Influences

Geertz himself often remarked that his first loves were literature and philosophy. It was not until graduate school that he discovered anthropology. As anyone who reads his work can attest, the man was very well versed in world literature and diverse schools of thought. However, some works do stand out as having been especially influential on Geertz’s own thinking. Above all, Burke 1969, the author of which coined the term “symbolic action,” and Wittgenstein 1953, with its emphasis on ordinary language, encouraged Geertz to focus on the study of meaning. In sociology, Weber 1950 is the most significant, followed—distantly it should be said—by Parsons and Shils 1951, the former a mentor of Geertz at Harvard. A colleague at the University of Chicago, Paul Ricoeur, also advocated the interpretive method and worked toward bridging the social sciences and humanities (see Ricoeur 1981). In the discipline of anthropology, Geertz often acknowledged Benedict 1946 and Sapir 1985, the former a subject of one of his essays in Geertz 1988, as having influenced his own notion of how the individual relates to the collective.

  • Benedict, Ruth. 1946. The chrysanthemum and the sword. Boston: Houghton Mifflin.

    Save Citation »Export Citation »E-mail Citation »

    Influenced by Gestalt theory, Benedict was interested in explaining why members of a society tend to behave in a certain way. In this work, she emphasized the primacy of culture in understanding differences between cultures, here Japanese and American.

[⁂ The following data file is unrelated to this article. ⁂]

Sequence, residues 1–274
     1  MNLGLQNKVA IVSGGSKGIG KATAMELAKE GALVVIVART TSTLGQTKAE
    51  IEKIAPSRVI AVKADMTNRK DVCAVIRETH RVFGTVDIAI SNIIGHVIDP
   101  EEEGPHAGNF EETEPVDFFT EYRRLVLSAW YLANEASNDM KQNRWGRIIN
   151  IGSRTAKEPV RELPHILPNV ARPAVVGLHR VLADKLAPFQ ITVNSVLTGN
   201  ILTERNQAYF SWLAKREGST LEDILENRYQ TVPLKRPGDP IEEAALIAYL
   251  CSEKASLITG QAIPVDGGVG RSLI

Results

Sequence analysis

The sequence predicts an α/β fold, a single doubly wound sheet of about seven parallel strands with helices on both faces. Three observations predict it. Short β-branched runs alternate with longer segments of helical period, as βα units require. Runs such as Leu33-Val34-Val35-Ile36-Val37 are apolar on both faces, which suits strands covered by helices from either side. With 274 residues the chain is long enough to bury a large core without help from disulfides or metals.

Find this resource:

  • Burke, Kenneth. 1969. A rhetoric of motives. Berkeley: Univ. of California Press.

    Save Citation »Export Citation »E-mail Citation »

    Through a consideration of literary persuasion, Burke comes to theorize about what he terms “symbolic action.” As much a work of literary criticism as it is a philosophy of the nature of language in human relations.

    Find this resource:

  • Geertz, Clifford. 1988. Works and lives: The anthropologist as author. Stanford, CA: Stanford Univ. Press.

    Save Citation »Export Citation »E-mail Citation »

    Applies the tools of literary criticism to Levi-Strauss, Evans-Pritchard, Malinowski, and Benedict, situating their scholarly output relative to their biographies and sociohistorical period. These are four anthropologists to whom Geertz returns again and again in his oeuvre.

    Find this resource:

  • Parsons, Talcott, and Edward Shils, eds. 1951. Toward a general theory of action. Cambridge, MA: Harvard Univ. Press.

    Save Citation »Export Citation »E-mail Citation »

    Parsons viewed his theory as the starting point for a truly scientific social science that would explain all social action via general laws. He prominently featured the role of symbols and meaning in his all-encompassing sociology.

    Find this resource:

  • Ricoeur, Paul. 1981. Hermeneutics and the human sciences. Cambridge, UK: Cambridge Univ. Press.

    Save Citation »Export Citation »E-mail Citation »

    A collection of essays in which Ricoeur formulates the concept of text as the basis for a theory of language; also offers a history of hermeneutics in philosophy and its implications for sociology, psychoanalysis, and history.

    Find this resource:

  • Sapir, Edward. 1985. Selected writings in language, culture, and personality. Berkeley: Univ. of California Press.

    Save Citation »Export Citation »E-mail Citation »

    Sapir revolutionized linguistics and the study of American Indian languages. Of particular interest to Geertz is his notion that the relationship between the individual and culture is mediated by language.

    Find this resource:

  • Weber, Max. 1950. The Protestant ethic and the spirit of capitalism. New York: Scribner.

    Save Citation »Export Citation »E-mail Citation »